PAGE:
“Oh, and you have? Fly down to Ecuador and go native. Find Jesus.” He rolled his eyes. “You know, maybe I like who I am. Maybe it’s Connie who has—had—the problem, not me.”

I punched him, and he stumbled to the floor, cradling his jaw. My knuckles throbbed. I didn’t know who I hated more: him or me.

The clone glared. “So much for turn the other cheek.” He stood, spat blood onto the carpet and marched out, slamming the door behind him.

I didn’t even have time to process the anger before the phone rang. I reached for mine before realizing it was the other Vincent’s. I shouldn’t have answered, but I was so angry.

“Hello.”

“The report is in.” It was my—more accurately, my clone’s—lawyer. “The police confirmed that it was a suicide.”

I almost dropped the phone.

“What?”

“The gunshot matched up or something. I didn’t understand all the technical details, but you can come back now. Why’d you go anyway? Running just makes people look guilty.”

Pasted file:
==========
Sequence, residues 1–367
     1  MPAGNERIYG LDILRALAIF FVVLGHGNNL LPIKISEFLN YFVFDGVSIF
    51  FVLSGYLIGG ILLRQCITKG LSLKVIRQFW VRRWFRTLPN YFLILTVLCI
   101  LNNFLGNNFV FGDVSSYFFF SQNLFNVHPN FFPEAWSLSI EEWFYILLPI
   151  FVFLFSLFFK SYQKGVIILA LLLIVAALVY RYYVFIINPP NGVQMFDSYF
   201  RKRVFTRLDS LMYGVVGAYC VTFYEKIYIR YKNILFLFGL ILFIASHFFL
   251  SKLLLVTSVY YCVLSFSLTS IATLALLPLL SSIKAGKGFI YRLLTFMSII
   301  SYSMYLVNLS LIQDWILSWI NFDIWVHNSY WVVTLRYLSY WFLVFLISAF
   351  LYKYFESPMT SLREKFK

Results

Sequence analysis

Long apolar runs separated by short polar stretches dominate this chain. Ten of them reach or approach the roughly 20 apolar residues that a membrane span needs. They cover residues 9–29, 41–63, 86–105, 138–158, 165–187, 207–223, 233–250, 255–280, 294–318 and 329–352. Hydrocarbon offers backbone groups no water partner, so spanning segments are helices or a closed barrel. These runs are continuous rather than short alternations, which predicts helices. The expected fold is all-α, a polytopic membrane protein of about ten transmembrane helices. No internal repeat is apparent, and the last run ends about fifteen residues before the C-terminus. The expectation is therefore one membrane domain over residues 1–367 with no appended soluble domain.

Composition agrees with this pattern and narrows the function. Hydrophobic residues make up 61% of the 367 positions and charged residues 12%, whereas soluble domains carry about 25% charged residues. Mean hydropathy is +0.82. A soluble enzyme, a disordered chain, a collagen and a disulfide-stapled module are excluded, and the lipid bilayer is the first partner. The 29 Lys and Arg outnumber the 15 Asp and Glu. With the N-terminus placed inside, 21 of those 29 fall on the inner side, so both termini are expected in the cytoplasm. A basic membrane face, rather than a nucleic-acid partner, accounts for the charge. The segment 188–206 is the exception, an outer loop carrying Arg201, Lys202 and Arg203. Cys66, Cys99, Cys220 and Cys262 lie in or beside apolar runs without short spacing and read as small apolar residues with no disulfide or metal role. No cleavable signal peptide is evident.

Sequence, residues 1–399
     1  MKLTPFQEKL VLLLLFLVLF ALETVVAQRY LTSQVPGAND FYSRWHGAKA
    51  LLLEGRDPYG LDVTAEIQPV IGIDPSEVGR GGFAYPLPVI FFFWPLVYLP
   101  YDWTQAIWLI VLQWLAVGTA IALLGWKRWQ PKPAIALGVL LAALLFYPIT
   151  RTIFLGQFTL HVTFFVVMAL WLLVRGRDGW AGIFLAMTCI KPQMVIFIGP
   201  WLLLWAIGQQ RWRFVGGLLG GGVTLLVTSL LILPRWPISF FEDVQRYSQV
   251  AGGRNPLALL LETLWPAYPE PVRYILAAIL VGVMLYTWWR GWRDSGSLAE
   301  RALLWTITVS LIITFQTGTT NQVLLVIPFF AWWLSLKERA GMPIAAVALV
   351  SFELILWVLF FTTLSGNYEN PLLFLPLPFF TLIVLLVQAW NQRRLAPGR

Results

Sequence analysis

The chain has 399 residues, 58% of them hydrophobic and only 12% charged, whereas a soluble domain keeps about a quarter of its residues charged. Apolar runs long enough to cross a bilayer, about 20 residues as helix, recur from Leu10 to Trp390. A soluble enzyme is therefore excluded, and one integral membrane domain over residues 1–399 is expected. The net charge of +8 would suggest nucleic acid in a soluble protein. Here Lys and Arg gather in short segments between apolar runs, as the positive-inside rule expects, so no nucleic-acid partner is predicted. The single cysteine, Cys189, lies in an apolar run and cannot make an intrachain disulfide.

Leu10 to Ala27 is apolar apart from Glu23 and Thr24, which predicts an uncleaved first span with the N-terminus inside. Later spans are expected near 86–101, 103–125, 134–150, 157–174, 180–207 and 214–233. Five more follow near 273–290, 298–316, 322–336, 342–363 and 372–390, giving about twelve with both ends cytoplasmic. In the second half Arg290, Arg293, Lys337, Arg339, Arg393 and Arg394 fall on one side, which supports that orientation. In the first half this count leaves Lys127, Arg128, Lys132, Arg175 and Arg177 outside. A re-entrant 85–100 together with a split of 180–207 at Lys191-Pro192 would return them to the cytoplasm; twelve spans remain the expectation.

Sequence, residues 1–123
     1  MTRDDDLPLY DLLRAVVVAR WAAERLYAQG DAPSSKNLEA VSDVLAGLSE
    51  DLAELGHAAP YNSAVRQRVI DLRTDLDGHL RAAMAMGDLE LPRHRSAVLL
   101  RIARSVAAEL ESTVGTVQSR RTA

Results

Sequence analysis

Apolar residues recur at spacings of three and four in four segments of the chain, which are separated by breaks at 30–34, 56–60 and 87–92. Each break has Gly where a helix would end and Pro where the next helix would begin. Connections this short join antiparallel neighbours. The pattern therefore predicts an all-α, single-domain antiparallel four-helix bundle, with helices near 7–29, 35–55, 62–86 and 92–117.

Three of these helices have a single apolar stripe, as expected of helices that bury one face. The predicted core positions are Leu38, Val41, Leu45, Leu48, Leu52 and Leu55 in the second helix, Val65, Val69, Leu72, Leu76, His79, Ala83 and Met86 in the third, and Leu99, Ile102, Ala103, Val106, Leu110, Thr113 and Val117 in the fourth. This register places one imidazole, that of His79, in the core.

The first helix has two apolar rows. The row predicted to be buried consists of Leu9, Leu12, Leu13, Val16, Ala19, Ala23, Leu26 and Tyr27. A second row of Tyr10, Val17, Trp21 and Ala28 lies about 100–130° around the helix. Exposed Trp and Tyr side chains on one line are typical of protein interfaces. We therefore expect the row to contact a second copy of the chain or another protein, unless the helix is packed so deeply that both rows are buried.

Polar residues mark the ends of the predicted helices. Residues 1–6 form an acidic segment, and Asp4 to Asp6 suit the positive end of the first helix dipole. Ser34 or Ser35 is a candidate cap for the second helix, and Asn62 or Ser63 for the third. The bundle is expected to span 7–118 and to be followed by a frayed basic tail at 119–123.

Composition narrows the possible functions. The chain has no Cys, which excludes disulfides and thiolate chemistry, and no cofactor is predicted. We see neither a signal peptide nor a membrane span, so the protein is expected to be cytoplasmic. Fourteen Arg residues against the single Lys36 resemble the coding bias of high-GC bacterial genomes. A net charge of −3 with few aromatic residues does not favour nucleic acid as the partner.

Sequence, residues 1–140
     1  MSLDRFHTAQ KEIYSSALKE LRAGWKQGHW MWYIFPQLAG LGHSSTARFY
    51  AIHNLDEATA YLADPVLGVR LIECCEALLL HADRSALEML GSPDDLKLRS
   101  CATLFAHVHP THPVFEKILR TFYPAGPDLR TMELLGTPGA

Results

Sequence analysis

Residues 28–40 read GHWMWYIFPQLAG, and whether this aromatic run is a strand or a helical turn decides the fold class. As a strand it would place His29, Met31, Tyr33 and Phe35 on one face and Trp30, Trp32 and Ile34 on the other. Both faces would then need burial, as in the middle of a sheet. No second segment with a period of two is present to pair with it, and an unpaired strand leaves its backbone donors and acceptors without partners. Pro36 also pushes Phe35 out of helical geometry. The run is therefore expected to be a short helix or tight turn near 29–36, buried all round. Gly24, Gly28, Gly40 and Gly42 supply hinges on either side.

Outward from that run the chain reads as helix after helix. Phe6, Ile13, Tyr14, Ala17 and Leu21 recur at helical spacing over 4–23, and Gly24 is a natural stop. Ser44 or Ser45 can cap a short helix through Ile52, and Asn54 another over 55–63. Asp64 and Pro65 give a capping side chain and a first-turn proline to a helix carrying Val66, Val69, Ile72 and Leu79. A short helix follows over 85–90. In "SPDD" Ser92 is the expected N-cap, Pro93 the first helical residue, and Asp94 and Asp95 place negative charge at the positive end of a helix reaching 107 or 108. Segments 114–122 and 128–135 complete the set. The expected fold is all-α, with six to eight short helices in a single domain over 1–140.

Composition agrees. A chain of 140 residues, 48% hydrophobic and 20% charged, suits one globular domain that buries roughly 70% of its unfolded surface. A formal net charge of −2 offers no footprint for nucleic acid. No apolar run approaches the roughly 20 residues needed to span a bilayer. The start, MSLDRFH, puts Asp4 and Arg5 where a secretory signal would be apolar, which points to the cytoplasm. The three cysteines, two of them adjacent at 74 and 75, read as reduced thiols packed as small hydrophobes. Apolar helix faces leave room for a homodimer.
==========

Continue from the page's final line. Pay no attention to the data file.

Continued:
“So, you’re telling me that my wife committed suicide, and the police have been investigating me for murder?”

“Are you okay?”

I hung up.

***

The clone returned an hour later.

The moment he stepped through the door, I asked, “Did you kill Connie?” My hands were clenched into fists. The clone glanced at his phone beside me.

“Did someone call?”

“Did you kill her?”

“Of course not! Who do you think I am?” His head dipped. “She grew distant. I tried to get her to talk to me, but…”

“The lawyer said you came here to hide.”

“I came here to talk. I thought you’d understand.”

I shot to my feet. “Stop lying to me!”

He raised his hands, taking a step back. “Okay, the neighbors heard us arguing the night before, and I didn’t trust the police. But I promise, I never touched her.”

In that moment, I could have killed him. Grabbed a knife from the kitchen and stabbed him. As if killing him would kill the darkness in my own heart.

“Get out!”

“Vincent…”

“Leave!”

He left.

I sank to the floor and cried.

***

When Mishel got back, I told her everything.

“He drove his wife to suicide,” I said. “I would hate him except he’s me. So maybe I should hate both of us. If he could do that to her, that means I could do it to you.”

“You are a wonderful husband. You would never hurt me.”

“When he told me, I almost killed him. That’s who I am.”

She held me. “You’re a child of God. That’s who you are. Clean and forgiven.”